6. This is what the stitched blanket cover looks like when stitched in place. It is by no means perfectly straight, but it makes no difference.
  7. Mark each cover so that you can tell them apart when you go to install.

Add Additional Grommets to your Covers

  1. Mark where you want to add grommets.
  2. Use foil or duct tape underneath the grommet for reinforcement. We had foil tape leftover from this project.
  3. This is what the new grommets look like.
  4. Attach pieces of paracord to the grommets.
  5. We used bungee cords underneath our bunkends and measured the length of paracord accordingly.

Attach the Top Edge to Camper with Strong Velcro

  1. Measure across the inside edge of the camper roof.
  2. Cut a piece of Sticky Industrial Velcro to that length.
  3. Attach the thicker side of the Velcro just inside the edge of the roof. It will be stuck to the roof edge, not the canvas.
  4. Stitch the softer side of the Velcro to the top edge of your bunk-end cover, making sure to center it.
  5. Repeat steps 1-4 for the other cover/end of the camper.
  6. Installation: Lift the roof several inches and attach the solar cover to the Velcro. Raise the roof and complete installation with spring clips and paracord.


Find all the supplies for this project on this Amazon list.

If you don't sew, use the tape to hold the pieces of the solar blanket together. Just make sure you do not have sharp edges that could tear the canvas.

Recommended Products

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Did you make this project?

Please share a photo on our Facebook page or on Pinterest!


Monday 12th of July 2021

I made this cover from your very detailed instructions and material list. One modification or application I made was on the bunk end. I used two adjustable tent poles that fit into pre-placed grommets, then adjusted the tent poles to hold the solar cover off the canvas, leaving a space for air movement between the two materials. I took the inside temp. with my infrared thermometer with the cover resting on the canvas bunk (per your photo) and a second reading with the air space between the bunk and the solar covering and there was a dramatic difference in the inside temp. Just placing your hand on the underside bunk canvas during both tests, one can feel a difference in temps. the solar blanket does a great job of reflecting, however some heat is absorbed and transferred to the canvas.

Let's Camp S'more

Tuesday 13th of July 2021

Chuck, this is an amazing modification. I'd like to try it, but we no longer have a pop-up. Readers will enjoy this tip. Thanks for sharing.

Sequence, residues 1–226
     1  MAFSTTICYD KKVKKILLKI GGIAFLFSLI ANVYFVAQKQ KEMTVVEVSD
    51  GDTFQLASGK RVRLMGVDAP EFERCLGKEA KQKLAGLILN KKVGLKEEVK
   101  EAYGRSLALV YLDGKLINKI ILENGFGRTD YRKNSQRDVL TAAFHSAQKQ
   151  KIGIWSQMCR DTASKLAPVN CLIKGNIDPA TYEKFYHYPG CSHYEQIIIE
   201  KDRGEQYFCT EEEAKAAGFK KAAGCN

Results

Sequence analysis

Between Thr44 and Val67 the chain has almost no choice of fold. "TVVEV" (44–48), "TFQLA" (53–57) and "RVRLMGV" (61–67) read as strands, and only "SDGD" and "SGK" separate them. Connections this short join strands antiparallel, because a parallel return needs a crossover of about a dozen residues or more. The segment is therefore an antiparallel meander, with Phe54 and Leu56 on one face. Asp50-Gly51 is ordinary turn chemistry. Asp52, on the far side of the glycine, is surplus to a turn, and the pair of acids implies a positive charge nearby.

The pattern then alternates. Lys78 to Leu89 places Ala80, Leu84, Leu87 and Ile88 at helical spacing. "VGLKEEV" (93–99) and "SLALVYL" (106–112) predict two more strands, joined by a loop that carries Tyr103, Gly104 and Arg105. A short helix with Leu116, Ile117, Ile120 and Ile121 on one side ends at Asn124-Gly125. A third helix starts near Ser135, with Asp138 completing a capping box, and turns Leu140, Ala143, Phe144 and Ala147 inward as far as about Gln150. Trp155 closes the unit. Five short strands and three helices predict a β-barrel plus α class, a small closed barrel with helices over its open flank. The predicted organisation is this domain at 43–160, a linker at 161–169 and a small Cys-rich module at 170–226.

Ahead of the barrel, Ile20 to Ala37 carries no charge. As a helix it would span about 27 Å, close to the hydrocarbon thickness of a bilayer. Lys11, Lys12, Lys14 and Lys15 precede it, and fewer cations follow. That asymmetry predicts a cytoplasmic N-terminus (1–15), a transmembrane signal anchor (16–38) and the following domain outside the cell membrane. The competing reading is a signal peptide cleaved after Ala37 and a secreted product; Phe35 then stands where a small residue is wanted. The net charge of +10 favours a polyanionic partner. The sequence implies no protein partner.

Saturday 12th of June 2021

Thank you for this. Hope to do this tomorrow for 4 day camping in the mudwest heat next weekend. Im curiois why you didnt just put velcro on the other end of the bunk canvas versus using gromets and bungle cord?

Let's Camp S'more

Monday 14th of June 2021

2 reasons: We wanted it to be secure in the wind & we didn't want to put velcro on the canvas.

It sure was HOT this weekend in the Midwest. We no longer have a pop-up, but I spent Saturday cutting Reflectix to cover windows in our RV and it made a HUGE difference.


Saturday 26th of December 2020

Does this insulate in the winter like the others?

Let's Camp S'more

Sunday 3rd of January 2021

Flip it over in the winter to hold warmth in.


Thursday 22nd of October 2020

I’m going to be helping my son with this project. Re the sewing, what size needle did you use, what kind of thread, and what stitch length to sew the solar blankets together? Thanks for sharing your ingenuity. Joanne

Let's Camp S'more

Thursday 22nd of October 2020

Joanne, I think I used a size 14 needle with a wider stitch. I always use all-purpose thread. Good luck!


Monday 28th of September 2020

Can this help with rain water? We have scotch guard the canvas as much as possible, but still collect some water under the beds. This was after a constant rain we experienced for two straight days in Cloudland Canyon GA. It appeared to have come from the leather portion of the popout.

Let's Camp S'more

Wednesday 30th of September 2020

I think it will be effective if you have the top edge attached underneath the roof edge with velcro. I just updated the post with instructions on how to do this and included a photo. Stay dry!